Private employers with over 500 employees are not covered by this portion of the legislation and may not receive the tax credits even if they offer similar paid leave programs to their employees.
This portion of the legislation takes effect no later than April 2, 2020 (15 days after enactment), and expires on December 31, 2020.
Emergency Family and Medical Leave Expansion Act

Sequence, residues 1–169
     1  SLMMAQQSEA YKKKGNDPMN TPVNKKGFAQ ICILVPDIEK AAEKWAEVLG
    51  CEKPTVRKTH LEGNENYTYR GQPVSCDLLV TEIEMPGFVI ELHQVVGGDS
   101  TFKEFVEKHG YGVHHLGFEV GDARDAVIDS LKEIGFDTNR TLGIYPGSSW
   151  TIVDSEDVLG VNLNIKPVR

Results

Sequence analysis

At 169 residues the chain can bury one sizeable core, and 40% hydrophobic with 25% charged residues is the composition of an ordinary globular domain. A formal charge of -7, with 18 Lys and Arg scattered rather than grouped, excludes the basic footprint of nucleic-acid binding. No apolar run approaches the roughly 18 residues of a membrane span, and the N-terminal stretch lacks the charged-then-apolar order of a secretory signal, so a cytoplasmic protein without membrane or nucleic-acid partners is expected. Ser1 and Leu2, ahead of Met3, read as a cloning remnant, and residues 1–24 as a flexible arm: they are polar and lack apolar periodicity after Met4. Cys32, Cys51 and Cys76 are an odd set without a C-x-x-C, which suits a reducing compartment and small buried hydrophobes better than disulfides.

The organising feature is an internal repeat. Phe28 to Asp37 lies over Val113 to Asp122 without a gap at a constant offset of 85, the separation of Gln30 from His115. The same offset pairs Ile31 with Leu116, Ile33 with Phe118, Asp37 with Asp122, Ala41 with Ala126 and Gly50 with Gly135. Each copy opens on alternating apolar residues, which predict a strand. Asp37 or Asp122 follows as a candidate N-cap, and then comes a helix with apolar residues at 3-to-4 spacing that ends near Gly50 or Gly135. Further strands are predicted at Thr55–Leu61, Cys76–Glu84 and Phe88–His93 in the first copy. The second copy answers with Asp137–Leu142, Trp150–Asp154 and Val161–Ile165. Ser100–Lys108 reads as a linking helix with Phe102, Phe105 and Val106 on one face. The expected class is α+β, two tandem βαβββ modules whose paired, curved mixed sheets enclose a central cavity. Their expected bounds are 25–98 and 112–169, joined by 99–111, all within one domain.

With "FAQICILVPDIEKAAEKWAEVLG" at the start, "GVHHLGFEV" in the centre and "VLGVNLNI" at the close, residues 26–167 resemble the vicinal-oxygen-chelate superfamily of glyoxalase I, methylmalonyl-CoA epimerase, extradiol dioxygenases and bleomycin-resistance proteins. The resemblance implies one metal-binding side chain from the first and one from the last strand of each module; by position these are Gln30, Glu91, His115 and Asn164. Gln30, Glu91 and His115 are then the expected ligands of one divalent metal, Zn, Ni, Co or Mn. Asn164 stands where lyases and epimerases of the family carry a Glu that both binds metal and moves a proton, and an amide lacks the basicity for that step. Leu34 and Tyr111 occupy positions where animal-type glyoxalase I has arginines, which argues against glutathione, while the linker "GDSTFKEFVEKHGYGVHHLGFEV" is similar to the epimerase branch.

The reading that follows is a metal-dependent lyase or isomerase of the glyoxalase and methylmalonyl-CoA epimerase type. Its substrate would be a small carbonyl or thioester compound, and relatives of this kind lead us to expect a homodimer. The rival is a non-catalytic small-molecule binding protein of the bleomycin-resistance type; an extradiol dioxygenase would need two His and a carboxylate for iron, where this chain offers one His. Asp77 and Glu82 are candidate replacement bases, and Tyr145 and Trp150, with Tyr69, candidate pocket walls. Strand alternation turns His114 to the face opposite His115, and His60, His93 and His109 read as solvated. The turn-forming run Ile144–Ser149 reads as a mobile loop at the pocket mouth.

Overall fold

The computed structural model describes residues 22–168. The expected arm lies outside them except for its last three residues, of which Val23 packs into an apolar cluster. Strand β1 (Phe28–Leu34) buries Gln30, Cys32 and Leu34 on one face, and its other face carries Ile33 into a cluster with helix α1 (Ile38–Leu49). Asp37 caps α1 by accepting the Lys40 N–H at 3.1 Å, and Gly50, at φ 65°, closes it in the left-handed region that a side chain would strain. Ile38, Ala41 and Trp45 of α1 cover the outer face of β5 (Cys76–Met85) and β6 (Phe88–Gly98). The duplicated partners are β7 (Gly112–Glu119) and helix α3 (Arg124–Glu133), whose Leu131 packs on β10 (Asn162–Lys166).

In addition to paid sick leave, the legislation also temporarily expands Family and Medical Leave Act (FMLA) eligibility to employees who have (i) worked for qualified employers (private employers with 500 or fewer employees and public agency employers) for at least 30 calendar days and (ii) a need for leave to care for a son or daughter if the son or daughter’s school or place of care has been closed, or the child care provider of such son or daughter is unavailable due to COVID-19. This is a change from the first version of the bill passed by the House, which provided expanded FMLA leave for other reasons including self-isolation due to a medical diagnosis and care for a family member self-isolating due to a medical diagnosis. The legislation as passed by the Senate makes paid leave under the FMLA available for the sole purpose of caring for a son or daughter whose school or place of care has been closed or is unavailable due to COVID-19.